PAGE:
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Stock Market Apocalypse Not Yet?

Stock-Markets / Stock Markets 2010 Sep 03, 2010 - 12:05 PM GMT

By: Steven_Vincent

Stock-Markets

Best Financial Markets Analysis Article(originally published 08/28/10-09/02/10 for BullBear Trading members)

There are significant indications that an important bottom may have been made in the equities markets on Friday, August 27th. Overnight, markets in Asia and Europe reversed initial weakness to rally 1-3% higher on no news. After dumping to a new low following another poor inventories report, crude oil continued to rally strongly. And copper rallied yet again.


Fed Chairman Ben Bernanke disappointed the market at first by failing to announce specific measures to support the economy and Intel downgraded its revenue expectations for the quarter. Panic ensued--for about 2 minutes and when SPX 1040 was hit a rally began that lasted the rest of the session and finished at the highs of the day. This bullish tape action came in the context of bearish sentiment which easily equals the worst seen at the bottom in March 2009. Let's keep in mind that the SPX, at its nadir, fell a mere 17% from its April high and is currently trading 60% above its March 2009 lows. In spite of this, many measures have bulls at levels equal to the March 2009 low.

From www.AAII.com

Recently, "Death of Equities" type articles in Fortune and Wall Street Journal and daily mainstream coverage of obscure bearish technical signals such as the Hindenburg Omen have transferred apocalyptic bearishness from the domain of the fringe to the subject of popular consensus. Even Tony Robbins is sounding off like a Kondratieff Wave theorist, warning of a deep "Winter". Much attention has also been given to astrological predictions of a major turn date on August 6th, which coincided with a recent top in the markets. The mainstream media has also extensively reported on the overwhelming investor preference for the safety of bonds over the risk of equities. Overall, sentiment is at negative extremes frequently associated with important bottoms. Certainly, if a crash or even a steep selloff were to occur here, it would be the most advertised and anticipated market catastrophe in history. Apocalypse? Maybe someday, but not just yet.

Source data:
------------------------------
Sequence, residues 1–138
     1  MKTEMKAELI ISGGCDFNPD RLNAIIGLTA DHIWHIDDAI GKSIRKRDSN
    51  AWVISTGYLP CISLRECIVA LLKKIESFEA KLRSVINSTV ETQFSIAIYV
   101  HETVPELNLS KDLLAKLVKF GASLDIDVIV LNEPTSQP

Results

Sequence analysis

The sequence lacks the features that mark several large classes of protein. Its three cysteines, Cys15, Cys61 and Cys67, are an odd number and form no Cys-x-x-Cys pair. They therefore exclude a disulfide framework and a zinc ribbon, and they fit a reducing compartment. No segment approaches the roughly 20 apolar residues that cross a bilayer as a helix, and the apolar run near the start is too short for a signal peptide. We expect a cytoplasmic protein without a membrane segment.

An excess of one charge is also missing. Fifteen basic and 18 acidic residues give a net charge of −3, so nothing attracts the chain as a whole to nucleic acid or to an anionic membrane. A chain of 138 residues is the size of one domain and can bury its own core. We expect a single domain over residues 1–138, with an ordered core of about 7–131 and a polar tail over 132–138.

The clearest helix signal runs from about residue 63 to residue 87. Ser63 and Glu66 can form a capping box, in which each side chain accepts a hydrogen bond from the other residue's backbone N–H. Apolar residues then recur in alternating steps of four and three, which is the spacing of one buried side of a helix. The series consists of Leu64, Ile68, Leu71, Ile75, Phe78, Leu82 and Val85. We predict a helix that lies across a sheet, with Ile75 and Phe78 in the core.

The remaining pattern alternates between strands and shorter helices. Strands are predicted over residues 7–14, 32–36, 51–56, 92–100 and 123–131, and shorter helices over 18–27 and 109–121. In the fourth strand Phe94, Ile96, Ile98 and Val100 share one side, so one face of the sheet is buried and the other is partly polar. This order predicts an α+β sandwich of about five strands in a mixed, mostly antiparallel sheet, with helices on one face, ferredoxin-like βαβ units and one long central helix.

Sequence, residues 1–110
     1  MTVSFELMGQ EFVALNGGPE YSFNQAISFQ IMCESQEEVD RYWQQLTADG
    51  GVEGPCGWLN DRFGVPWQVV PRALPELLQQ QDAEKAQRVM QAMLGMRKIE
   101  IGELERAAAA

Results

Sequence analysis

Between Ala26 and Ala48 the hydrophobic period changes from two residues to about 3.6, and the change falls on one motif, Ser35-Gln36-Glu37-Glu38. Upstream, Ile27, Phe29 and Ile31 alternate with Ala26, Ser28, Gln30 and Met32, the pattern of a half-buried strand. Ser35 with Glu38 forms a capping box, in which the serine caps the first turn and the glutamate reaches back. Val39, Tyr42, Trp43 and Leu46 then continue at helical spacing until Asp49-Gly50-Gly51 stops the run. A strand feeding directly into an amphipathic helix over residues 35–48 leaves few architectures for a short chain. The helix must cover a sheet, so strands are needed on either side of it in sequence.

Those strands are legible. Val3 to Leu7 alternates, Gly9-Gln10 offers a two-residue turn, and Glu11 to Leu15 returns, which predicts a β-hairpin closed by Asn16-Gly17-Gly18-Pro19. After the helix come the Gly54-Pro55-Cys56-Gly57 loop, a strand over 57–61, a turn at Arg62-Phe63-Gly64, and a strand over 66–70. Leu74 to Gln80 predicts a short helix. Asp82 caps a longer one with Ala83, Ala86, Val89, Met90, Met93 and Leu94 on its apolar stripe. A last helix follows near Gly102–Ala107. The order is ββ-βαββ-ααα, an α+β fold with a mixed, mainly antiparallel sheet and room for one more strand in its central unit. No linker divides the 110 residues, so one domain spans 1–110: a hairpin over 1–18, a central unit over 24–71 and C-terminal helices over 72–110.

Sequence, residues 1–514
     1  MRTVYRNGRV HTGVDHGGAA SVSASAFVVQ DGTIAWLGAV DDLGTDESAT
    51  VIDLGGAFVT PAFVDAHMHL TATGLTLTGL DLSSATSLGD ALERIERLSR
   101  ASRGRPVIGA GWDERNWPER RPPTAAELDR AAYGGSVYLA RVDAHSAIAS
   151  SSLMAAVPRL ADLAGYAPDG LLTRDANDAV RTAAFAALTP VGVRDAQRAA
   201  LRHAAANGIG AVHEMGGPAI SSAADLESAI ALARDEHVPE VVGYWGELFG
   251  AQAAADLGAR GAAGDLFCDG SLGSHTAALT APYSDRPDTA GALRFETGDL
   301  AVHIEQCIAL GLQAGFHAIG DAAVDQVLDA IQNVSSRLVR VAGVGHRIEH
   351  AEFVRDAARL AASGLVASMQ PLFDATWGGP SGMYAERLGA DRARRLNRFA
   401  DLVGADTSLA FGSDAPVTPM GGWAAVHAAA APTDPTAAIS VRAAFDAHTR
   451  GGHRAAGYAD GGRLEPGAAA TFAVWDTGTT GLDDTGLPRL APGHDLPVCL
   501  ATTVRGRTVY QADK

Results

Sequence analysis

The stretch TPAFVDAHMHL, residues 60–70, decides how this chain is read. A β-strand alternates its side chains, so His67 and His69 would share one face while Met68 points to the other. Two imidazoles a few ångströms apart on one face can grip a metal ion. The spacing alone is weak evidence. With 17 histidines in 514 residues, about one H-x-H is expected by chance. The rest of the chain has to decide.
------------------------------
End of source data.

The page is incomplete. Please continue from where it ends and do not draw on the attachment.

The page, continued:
Technicals Favor a Strong Rally

A review of the technical market landscape reveals a host of factors which when considered in the context of extreme bearish sentiment leads to the conclusion that a bottom is in for equities and that a rally should ensue promptly. The duration and extent of the move is not yet clear but no top will likely form until sentiment has returned to at least a neutral condition. There are preliminary indications that the current bottom, should it hold, may be at least as significant a market turning point as the April top and perhaps even as important as the March 2009 bottom.

Let's see how the Bearish sentiment extreme is being reflected in a variety of markets and indicators.

Intermarket Analysis